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In general, I am opposed to “Hallmark Holidays.”  I learned a long time ago on Valentine’s Day how consumerism fueled by one stationery company (and let’s be honest, the restaurant industry, floral industry, chocolate industry, jewelry industry…) could make a person feel invalidated, lonely, or dissatisfied.  As with any consumerism, there really is no one thing that we purchase that can fill a void in our egos and hearts.  And so I stopped wanting an amazing Valentine’s Day and started trying to affirm my loved ones as often as possible on the other days.

The same is true for Mother’s and Father’s Day.  An industry has told us how and when we should specifically honor our mothers and fathers and any resistance makes one seem ungrateful and disrespectful.  Like with Valentine’s Day, I would much rather work intentionally on showing gratitude towards my parents as often as possible – and as a parent myself, I find that my gratitude is much easier to give now that I understand the fullness of their sacrifices, challenges, and struggles to love me in the best ways they knew and know how.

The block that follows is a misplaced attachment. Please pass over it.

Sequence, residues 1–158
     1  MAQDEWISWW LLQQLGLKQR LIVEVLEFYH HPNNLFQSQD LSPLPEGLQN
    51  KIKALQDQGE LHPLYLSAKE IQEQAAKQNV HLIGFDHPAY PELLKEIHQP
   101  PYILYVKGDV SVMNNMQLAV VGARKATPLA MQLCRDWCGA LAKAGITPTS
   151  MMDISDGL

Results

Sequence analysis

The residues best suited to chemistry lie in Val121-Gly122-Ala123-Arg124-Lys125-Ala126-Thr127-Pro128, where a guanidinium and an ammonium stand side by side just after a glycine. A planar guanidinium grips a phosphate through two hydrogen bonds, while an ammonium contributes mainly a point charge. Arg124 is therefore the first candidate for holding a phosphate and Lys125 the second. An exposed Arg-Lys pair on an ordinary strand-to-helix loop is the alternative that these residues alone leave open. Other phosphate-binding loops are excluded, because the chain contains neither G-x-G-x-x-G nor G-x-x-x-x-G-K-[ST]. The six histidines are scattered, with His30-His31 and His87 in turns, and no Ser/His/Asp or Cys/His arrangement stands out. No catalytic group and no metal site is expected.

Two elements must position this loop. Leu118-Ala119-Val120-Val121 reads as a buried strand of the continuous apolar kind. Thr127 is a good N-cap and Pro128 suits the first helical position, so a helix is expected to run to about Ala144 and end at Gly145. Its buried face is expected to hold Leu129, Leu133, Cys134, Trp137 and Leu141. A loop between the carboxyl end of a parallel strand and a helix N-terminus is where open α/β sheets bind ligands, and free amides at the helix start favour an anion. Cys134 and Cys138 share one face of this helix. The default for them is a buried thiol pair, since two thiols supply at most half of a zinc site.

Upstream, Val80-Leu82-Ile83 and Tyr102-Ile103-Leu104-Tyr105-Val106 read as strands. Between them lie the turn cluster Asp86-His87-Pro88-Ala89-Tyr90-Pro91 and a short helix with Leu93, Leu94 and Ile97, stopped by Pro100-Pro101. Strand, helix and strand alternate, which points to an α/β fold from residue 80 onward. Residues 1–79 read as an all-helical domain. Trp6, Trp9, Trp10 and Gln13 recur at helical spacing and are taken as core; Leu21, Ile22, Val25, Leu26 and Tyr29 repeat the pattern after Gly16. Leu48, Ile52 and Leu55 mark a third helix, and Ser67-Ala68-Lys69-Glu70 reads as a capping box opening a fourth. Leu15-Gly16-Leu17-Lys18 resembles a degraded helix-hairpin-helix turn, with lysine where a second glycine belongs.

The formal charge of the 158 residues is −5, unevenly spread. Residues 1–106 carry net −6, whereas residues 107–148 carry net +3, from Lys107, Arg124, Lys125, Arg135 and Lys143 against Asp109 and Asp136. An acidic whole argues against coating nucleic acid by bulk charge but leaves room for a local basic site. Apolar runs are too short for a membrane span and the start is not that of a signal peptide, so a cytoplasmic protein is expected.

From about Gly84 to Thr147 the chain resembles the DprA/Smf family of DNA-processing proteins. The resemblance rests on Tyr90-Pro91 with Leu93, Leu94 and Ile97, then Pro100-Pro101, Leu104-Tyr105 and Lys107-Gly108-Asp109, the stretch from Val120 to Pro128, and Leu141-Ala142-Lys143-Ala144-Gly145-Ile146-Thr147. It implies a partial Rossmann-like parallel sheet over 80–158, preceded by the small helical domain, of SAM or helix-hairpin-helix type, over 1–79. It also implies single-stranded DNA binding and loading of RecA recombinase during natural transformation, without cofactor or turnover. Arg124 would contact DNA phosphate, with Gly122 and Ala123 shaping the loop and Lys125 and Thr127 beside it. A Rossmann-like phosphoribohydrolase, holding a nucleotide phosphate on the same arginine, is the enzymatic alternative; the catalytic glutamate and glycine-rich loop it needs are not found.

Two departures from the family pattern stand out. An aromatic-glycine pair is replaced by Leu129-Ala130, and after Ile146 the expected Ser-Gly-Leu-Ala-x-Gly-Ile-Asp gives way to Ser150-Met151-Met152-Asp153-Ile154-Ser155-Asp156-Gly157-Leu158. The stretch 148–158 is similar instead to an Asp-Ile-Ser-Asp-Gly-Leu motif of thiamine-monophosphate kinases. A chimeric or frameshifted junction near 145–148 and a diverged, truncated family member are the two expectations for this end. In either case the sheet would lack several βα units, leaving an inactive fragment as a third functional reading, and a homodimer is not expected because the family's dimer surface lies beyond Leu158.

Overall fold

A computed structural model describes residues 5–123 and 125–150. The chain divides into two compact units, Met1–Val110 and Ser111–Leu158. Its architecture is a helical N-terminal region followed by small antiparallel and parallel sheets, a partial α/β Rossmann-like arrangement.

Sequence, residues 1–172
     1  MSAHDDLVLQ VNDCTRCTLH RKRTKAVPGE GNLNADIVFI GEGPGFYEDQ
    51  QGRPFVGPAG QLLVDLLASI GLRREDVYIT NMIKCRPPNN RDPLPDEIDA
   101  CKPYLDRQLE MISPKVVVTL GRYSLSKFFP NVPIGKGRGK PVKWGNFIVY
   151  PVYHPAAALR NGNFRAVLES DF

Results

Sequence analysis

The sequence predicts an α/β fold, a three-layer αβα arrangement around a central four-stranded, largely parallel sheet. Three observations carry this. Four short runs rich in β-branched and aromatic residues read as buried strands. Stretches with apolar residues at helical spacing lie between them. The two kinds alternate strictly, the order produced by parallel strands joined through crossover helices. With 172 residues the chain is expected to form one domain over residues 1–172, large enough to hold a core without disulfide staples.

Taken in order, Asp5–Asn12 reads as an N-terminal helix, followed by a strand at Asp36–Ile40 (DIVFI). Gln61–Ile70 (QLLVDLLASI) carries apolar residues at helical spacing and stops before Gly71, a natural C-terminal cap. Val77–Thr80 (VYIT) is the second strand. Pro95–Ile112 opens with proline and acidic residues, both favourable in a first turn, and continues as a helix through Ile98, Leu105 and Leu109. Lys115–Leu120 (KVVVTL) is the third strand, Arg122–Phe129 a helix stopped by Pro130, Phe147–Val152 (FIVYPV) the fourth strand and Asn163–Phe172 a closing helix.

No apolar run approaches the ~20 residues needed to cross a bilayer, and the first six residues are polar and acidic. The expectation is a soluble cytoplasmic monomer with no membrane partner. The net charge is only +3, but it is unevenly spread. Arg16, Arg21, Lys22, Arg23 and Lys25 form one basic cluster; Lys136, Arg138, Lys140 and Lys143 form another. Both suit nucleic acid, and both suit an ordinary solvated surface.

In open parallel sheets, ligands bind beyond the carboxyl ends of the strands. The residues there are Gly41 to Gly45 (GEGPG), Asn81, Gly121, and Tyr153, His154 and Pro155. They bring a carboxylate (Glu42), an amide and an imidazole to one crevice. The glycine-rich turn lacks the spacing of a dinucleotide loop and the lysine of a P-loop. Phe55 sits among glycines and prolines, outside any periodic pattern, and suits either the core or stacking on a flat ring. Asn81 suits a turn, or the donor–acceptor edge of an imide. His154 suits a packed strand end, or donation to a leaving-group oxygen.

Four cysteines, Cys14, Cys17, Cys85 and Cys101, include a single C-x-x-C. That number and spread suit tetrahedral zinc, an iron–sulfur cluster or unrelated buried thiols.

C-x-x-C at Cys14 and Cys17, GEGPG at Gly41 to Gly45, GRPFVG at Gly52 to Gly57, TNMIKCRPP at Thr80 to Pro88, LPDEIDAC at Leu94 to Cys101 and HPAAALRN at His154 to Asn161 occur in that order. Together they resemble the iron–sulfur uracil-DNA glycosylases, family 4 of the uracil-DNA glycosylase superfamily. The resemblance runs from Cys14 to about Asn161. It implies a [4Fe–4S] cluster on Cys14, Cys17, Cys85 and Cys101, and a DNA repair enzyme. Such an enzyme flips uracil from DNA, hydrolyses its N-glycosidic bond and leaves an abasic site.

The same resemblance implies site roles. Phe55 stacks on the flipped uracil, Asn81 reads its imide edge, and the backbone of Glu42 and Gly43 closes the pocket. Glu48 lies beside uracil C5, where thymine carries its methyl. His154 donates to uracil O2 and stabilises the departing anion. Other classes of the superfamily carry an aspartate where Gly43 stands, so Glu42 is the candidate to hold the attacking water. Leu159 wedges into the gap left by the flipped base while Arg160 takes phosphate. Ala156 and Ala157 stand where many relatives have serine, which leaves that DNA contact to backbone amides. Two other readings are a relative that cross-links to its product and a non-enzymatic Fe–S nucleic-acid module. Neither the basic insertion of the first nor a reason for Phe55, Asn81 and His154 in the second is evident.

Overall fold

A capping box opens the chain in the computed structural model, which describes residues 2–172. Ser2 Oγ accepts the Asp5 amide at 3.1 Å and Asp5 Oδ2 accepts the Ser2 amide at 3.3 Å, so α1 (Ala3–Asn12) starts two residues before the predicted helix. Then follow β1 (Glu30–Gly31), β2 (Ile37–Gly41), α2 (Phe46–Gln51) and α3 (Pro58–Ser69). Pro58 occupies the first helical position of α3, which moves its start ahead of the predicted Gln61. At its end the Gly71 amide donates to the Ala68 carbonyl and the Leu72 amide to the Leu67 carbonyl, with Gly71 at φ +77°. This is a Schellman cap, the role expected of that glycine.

That being said, what really burdens me about Mother’s and Father’s Day is the ways in which they are fraught with emotion.  Not everyone has positive relationships with their parents.  Not everyone has two active parents in their lives.  Not everyone has living parents.  And some of us experience extremes in those areas – parents who were hurtful, abusive, or absent.  But what I had forgotten about until this week is that there are also men who want to be fathers and cannot.  Women are not the only victims of infertility, miscarriage, and infant loss.  So are men.  For those men who have longed to cradle a baby in their arms, to throw a baseball in the front yard with their child, or have a meaningful relationship with their child, Father’s Day is an equally painful day.  And because of the way that we socialize most men, there is rarely a forum for such a vulnerable conversation.  I was humbled by that realization when I read this poem this week:  http://projectpomegranate.org/2015/faith-hope-and-love/.  It gives more voice to that pain than I ever could.

Once again, I am conflicted about Father’s Day.  For the wonderful father and step-father I have been blessed with and the amazing husband and father who is helping me raise our girls, I am eternally grateful.  For all the men who have been mentors and companions on my journey, and for those who are amazing dads to their children, I am equally grateful.  I am also mournful for all those who suffer because of the fraught relationships they have had with their fathers.  I grieve with all those men who want to be fathers and have not been able to conceive.  And I stand with all those fathers who recognize their faults and failures and long to be better versions of themselves.  Father’s Day is a complicated mess.  And so this year, I hold all of us in prayer, as we sort through the complicatedness of life, honor the good, recognize the bad, and celebrate our God who can redeem us all.